From July 17 through August 30 Flowers Gallery will present the group photography exhibition ‘Interiors‘, featuring contemporary photographers Tina Barney, Julie Blackmon, Edmund Clark, Nadav Kander, Jason Larkin, Lori Nix, Robert Polidori, Hrvoje Slovenc, Richard Tuschman, Shen Wei and Dutch Jacqueline Hassink. An opening reception will be held on July 17, 6-8pm.
The exhibition focuses on fabricated or authentic interior spaces and explores how they shape the photographers’, the occupants’, and the viewers’ perceptions of the spaces, often reflecting emotional states. An interior space can create an intimate, insular environment where one may feel safe and productive, protected from outside elements and influences. Yet such a sheltered environment can also create an uneasy feeling of being caged, isolated, or trapped internally. At first appearing to be a secure and welcoming retreat, being “inside” can soon repel or deceive, leaving terrifying memories – ones that are too frightening to remember or forget. These photographs tell the story of the current occupants or those who have left them long behind – including prisoners, children, and royalty – offering historical and anthropological insight into those who once occupied – or were imagined to occupy – that space.
About Jacqueline Hassink
In her Arab Domains series Jacqueline Hassink collaborated with Mrs. Al Kaylani, the chairwoman of the Arab International Women’s Forum in London, to gain access to the board rooms and homes of some of the most powerful women in the world. According to curator Charlotte Cotton, Hassink’s photographs “have a seemingly effortless simplicity to them” and as a viewer “we intuit that she commands the best vantage point upon her chosen subjects, and overcomes all technical obstacles, in order that her subjects appear entirely revealed to us.”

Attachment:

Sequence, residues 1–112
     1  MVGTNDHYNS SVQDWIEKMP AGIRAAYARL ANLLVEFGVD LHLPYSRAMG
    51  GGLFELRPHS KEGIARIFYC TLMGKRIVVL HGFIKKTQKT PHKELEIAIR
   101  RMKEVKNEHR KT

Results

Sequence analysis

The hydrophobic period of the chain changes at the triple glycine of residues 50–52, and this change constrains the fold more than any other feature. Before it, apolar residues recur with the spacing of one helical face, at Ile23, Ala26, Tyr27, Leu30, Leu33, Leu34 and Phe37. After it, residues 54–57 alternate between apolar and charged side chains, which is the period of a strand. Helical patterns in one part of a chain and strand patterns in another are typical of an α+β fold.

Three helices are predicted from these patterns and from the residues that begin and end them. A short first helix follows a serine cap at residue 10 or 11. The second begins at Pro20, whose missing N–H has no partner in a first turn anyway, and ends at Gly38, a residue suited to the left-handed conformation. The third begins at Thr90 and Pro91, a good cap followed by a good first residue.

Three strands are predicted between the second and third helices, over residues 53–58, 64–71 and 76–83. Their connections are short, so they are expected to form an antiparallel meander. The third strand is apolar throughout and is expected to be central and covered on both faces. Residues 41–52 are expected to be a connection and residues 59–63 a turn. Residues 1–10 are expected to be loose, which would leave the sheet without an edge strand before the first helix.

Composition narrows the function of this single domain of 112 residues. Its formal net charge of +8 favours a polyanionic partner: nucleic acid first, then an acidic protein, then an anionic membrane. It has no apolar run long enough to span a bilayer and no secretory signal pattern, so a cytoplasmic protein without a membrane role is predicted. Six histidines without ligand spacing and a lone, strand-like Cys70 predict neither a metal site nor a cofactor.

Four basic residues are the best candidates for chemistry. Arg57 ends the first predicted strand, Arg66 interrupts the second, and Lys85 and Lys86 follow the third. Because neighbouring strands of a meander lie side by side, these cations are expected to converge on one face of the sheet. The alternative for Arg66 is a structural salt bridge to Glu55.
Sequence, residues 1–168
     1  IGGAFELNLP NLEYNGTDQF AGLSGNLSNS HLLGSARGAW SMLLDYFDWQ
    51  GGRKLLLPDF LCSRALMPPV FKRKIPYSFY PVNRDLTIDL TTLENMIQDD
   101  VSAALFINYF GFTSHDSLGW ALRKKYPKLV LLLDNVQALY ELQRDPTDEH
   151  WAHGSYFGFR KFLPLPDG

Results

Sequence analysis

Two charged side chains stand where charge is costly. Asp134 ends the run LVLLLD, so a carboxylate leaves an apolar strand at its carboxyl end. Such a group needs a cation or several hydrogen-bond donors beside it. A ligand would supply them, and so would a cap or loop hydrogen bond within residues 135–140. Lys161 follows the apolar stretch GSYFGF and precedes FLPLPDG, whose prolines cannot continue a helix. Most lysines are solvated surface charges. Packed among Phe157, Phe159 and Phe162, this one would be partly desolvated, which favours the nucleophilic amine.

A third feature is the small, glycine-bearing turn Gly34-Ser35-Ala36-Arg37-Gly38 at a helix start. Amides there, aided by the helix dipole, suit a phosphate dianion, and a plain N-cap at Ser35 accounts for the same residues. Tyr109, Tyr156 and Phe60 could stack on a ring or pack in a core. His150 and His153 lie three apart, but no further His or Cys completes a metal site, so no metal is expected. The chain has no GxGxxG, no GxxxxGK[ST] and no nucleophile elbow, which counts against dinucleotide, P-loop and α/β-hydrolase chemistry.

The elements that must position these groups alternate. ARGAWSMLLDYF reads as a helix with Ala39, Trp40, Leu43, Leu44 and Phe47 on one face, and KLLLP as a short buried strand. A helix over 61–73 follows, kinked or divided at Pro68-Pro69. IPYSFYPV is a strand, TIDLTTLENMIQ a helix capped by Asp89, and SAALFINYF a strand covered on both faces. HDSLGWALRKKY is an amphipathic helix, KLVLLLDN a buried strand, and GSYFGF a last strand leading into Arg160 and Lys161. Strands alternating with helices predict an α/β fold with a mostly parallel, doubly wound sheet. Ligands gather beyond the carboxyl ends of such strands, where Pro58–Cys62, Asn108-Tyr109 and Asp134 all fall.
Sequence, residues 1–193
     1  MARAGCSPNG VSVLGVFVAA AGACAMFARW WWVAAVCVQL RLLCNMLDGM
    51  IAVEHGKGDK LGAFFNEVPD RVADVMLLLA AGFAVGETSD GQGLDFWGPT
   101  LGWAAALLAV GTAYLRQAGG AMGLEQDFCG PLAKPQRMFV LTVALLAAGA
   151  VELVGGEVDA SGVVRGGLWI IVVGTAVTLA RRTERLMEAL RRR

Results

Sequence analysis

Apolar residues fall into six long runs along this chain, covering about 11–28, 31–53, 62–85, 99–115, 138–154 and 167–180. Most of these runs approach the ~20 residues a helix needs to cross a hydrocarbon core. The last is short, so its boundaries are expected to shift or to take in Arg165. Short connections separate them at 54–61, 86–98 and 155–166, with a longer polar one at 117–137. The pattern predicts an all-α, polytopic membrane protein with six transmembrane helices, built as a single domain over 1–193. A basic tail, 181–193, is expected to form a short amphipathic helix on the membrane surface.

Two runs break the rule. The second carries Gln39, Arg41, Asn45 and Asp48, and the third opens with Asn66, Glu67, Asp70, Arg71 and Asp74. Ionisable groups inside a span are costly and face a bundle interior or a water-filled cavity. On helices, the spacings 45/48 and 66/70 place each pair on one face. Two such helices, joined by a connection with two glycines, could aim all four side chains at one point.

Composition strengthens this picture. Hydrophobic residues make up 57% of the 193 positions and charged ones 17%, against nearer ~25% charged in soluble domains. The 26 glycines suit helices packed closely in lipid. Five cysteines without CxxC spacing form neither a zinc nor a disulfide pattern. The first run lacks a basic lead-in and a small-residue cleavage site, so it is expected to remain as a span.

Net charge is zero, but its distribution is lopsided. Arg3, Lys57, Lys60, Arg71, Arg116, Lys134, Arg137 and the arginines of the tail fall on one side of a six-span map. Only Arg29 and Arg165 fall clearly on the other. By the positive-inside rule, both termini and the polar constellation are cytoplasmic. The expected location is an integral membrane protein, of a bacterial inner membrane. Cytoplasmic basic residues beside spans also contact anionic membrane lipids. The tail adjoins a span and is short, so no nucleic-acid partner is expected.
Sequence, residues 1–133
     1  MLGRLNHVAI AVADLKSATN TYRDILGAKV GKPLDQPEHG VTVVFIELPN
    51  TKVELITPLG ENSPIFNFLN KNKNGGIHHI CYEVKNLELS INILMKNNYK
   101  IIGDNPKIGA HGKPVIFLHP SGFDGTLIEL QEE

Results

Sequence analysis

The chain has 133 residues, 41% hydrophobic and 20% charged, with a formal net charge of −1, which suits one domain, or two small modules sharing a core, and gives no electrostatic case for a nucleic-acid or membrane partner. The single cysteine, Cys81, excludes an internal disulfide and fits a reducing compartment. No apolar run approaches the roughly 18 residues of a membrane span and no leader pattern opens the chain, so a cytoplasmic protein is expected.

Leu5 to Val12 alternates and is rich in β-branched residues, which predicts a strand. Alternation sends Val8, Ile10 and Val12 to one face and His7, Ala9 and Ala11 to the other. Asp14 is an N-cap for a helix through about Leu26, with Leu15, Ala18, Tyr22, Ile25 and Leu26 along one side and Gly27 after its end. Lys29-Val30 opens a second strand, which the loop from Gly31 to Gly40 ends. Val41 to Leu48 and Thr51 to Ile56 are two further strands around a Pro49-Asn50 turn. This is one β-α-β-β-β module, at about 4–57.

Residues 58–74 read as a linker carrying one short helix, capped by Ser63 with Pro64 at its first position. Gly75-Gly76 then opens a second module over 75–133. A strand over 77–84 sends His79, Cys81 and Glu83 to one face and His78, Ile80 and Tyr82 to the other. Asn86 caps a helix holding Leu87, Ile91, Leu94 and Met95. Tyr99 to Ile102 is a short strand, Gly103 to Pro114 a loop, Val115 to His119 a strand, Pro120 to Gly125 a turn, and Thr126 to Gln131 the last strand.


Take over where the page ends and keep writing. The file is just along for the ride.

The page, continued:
Jacqueline Hassink (born 15 July 1966) is a Dutch visual artist. She lives and works in New York City. Hassink is well known for her global art projects that deal with the world of economic power. Her work represents visual, graphic, and sociological maps of the axes of global economic structures. Her first art project, The Table of Power (1993–95), was followed by projects such as: Female Power Stations: Queen Bees (1996–2000), Car Girls (2002–08), Haute Couture Fitting Rooms, Paris (2003–12), and The Table of Power 2 (2009-11). Hassink’s work has been widely collected and exhibited, including shows at Huis Marseille in Amsterdam; Fotomuseum Winterthur, Winterthur; Amador Gallery and ICP in New York; Tokyo Metropolitan Museum for Photography, Tokyo; The Photographers’ Gallery and the Victoria and Albert Museum in London and the Guangzhou Museum of Modern Art, Guangzhou. Hassink has lectured at Harvard University in conceptual photography and at the International Center for Photography in New York. Recently she has been shortlisted for the Prix Pictet 2012, the world’s first prize dedicated to photography and sustainability. Starting at the Saatchi gallery in London 9 October 2012, the Prix Pictet exhibition is now on world tour. Her new book The Table of Power 2, was nominated for the ‘2012 Paris Photo/ Aperture Book Award’ as one the ten best photo books of the year. The book appeared on the shortlist for the ‘PHotoEspaña Best Photography Book of the Year Award’, and received a second place. In 2013 she is the winner of the Dutch Doc Award 2013 in Amsterdam and has been shortlisted for two European photography awards; the 2013 Henri Cartier-Bresson Award in Paris and the Entrepeneur 4.0 Award in Harthausen (Germany). Most recently she has been longlisted for Prix Pictet 2013. Hassink’s work has appeared in The Financial Times, Le Monde, The New York Times, El Pais, Frankfurter Allgemeine, Süddeutsche Zeitung, Reuters, De Standaard, NZZ, Newsweek, Fortune, Wired and more.